Last month, the British government created a new portfolio called the Minister for Loneliness.
The idea for the new ministry arose out of research that found about nine million Britons—14% of the population—are lonely.
Loneliness cuts across all age groups, but it is particularly hard on the elderly.
More than a third of older people in Great Britain reported being overwhelmed by loneliness. About half of people over 75 live alone, with many saying they can go days or even weeks with no meaningful social interaction.
The situation is similar in Canada, where as many as 1.4 million elderly Canadians say they are lonely.
Overall, between 25% to 30% of Canadians describe themselves as lonely, young and old alike.
Being lonely is hard on mental health, but also on physical health. Researchers say being lonely increases the chance of premature death by 14 percent.
What’s behind the epidemic of loneliness?
Some blame our high rates of mobility—people move a lot today, disrupting long-term relationships. And when children move to faraway cities, parents are left behind and on their own.
Others blame social media. Although it’s never been easier to connect with people, it can also lead to fewer physical encounters with actual human beings.
And then there’s the general decline in participation in civic life—decreasing involvement in service groups, parent-teacher associations, labour unions, political parties and the like, as outlined in Robert Putnam’s groundbreaking book Bowling Alone: The Collapse and Revival of American Community.
Thinking about the epidemic of loneliness, I wonder: Could the decrease in participation in faith groups also be part of the problem?
Many studies show that regular participation in worship services and other religious activities can protect against loneliness.
And being part of a worshipping community is associated with higher levels of social integration and support—things that help people feel less lonely.
As more and more people drop out of religious groups, perhaps loneliness is an unintended consequence.
But the studies about the positive effects of being part of a religious group only evaluate and measure how it feels to have someone to talk to, to be part of a group, or what it means to get a casserole when you’re sick.
There must be more to it than that; what about the spiritual dimension?
That’s the question I posed to Dr. Delmar Epp, associate professor of psychology at Canadian Mennonite University.
From a psychological perspective, he says, people do “have a need to belong.”
People of faith would call that “being created by God with a need to be in relationship with others . . . its fundamental to who we are as human beings,” he says.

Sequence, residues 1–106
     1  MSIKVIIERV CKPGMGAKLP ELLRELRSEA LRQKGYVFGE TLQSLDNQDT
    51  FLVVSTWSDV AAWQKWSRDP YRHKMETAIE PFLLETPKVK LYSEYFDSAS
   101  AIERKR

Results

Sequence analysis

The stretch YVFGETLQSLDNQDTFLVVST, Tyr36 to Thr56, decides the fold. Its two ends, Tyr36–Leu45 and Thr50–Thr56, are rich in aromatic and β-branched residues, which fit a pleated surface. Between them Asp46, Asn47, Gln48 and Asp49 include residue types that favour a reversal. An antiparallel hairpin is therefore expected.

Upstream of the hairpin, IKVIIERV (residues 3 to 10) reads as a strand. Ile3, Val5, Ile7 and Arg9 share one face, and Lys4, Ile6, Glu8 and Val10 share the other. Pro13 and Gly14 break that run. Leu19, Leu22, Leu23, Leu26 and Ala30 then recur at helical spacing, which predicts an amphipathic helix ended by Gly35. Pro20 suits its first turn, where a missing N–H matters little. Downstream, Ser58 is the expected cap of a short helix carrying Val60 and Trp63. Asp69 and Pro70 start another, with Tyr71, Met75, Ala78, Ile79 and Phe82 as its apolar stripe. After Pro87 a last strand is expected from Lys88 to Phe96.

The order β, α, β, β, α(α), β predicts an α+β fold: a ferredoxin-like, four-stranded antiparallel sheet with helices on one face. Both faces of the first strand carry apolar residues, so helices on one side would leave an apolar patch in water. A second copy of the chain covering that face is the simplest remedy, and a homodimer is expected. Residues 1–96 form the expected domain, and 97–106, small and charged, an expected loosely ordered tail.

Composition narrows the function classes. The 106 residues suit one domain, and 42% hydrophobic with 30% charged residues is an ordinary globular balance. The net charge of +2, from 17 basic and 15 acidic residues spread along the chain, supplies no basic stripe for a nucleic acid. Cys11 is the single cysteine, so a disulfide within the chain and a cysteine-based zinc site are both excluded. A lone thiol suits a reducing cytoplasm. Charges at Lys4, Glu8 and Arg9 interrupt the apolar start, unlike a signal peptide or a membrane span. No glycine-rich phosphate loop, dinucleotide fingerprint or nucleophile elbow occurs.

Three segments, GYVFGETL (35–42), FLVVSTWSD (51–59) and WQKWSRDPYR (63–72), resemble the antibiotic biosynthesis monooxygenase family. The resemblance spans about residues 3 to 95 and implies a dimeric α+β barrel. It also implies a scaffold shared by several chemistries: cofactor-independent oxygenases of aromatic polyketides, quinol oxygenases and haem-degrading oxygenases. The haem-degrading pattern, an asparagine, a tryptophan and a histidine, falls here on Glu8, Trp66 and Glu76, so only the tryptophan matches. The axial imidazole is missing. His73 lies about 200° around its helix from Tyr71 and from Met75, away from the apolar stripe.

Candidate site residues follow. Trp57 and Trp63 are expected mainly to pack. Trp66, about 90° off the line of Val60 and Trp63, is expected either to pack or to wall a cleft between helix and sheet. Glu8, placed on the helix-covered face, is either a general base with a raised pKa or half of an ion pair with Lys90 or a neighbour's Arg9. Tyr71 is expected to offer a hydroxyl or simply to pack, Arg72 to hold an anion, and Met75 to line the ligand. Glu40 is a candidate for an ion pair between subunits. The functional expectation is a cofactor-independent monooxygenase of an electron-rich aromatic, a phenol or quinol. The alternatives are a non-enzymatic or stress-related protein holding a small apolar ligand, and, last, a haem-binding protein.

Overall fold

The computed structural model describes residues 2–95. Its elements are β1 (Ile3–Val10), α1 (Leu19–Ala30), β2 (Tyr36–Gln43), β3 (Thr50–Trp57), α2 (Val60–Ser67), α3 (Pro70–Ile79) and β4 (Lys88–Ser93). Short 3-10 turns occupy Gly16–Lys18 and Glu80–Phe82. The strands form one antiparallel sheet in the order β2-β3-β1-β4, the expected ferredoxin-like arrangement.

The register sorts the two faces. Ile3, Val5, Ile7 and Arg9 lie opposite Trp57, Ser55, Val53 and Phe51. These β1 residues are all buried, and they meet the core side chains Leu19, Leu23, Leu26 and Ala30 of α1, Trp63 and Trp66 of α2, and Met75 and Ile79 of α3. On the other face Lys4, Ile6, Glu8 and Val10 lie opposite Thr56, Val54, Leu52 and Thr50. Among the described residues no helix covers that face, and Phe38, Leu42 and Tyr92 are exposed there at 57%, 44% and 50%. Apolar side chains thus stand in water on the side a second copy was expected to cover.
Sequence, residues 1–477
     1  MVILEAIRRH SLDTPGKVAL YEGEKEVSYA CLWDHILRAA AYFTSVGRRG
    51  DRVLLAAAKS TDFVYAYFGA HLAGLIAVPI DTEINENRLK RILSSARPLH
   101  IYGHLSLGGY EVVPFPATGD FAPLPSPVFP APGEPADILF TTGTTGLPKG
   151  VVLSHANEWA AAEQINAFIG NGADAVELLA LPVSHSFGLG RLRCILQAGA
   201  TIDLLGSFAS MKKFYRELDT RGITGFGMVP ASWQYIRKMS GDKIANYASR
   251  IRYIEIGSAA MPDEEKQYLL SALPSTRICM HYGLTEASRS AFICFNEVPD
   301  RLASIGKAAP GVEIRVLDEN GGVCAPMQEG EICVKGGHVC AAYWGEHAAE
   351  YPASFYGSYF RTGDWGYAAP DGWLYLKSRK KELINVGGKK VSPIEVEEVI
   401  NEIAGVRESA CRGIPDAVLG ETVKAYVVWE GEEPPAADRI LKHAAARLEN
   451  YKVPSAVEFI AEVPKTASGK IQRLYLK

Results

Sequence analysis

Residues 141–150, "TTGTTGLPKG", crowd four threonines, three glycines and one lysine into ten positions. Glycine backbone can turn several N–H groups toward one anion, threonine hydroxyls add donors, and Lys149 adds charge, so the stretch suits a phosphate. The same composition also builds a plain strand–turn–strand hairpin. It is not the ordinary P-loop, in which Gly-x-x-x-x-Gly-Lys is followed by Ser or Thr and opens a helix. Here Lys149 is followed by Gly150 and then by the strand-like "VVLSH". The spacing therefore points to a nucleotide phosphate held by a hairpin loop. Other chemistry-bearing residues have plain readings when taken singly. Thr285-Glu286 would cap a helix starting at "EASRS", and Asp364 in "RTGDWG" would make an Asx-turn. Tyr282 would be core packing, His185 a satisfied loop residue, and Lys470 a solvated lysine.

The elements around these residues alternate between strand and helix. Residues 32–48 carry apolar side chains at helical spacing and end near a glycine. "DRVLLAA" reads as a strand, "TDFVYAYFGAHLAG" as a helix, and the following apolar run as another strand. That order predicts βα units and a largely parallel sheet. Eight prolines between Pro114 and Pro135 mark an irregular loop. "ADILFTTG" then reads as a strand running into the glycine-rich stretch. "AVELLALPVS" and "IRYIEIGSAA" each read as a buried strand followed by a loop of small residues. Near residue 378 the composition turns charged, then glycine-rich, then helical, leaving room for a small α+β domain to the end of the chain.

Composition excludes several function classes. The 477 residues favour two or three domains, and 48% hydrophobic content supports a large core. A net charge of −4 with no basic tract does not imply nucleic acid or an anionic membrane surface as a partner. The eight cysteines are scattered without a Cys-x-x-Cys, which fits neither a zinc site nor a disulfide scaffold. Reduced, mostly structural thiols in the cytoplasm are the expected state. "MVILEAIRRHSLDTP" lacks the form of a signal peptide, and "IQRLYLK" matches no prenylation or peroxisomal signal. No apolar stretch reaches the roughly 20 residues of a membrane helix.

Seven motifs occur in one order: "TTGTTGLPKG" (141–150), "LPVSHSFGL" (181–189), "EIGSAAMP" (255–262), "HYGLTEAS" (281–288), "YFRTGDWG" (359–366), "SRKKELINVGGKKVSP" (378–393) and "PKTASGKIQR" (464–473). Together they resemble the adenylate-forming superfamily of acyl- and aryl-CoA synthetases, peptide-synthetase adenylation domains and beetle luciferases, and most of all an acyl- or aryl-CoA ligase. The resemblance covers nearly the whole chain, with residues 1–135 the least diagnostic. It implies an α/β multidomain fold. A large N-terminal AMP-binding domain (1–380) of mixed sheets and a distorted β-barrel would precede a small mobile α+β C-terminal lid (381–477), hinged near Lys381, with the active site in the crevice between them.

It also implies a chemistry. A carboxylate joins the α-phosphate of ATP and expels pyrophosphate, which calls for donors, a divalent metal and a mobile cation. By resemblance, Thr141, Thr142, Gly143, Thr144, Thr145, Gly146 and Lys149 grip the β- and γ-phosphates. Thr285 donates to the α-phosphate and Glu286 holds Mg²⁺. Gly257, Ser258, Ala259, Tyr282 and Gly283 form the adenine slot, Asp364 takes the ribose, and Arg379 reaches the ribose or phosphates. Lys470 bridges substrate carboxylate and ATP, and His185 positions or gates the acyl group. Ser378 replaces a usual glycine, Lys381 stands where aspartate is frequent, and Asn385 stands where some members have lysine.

But where does God fit in? His answer was to point me to Lee Kirkpatrick’s work on attachment theory as it pertains to religion.
I am not going to pretend I can do a good job of explaining attachment theory in a short column like this.
In short, it is that idea that humans form deep and abiding bonds with their caregivers when they are young. This provides us with a sense we are secure because someone who is strong will keep us safe.
In Kirkpatrick’s view, for believers God becomes an attachment figure—someone to have a relationship with, and to turn to when we feel unsafe or distressed.
“People can view God as their friend and companion, a comforter and protector,” Epp says.
Through prayer, worship and meditation, people can feel close to God and not so alone, he adds.
Of course, it doesn’t always work out so neatly. People who have bad experiences with caregivers when young can struggle to form an attachment to God when older.
And if your own parents were harsh and neglectful, it can be tough to believe in a heavenly parent who cares for you.
Places of worship aren’t perfect, either. They can be lonely experiences for those who don’t feel they can be open and honest with others about their struggles for fear of being judged.
Yet there’s still something about religion that seems to make a big difference in loneliness and overall health.
At a time when millions of people are looking for a wonder drug, therapy, treatment program or workout routine that will lead to better mental and physical health, it seems that one might already exist: Religion.
But I don’t expect it any western government to create a Minister for Religion and Health anytime soon.
From the Feb. 17 Winnipeg Free Press. Image from the Daily Express.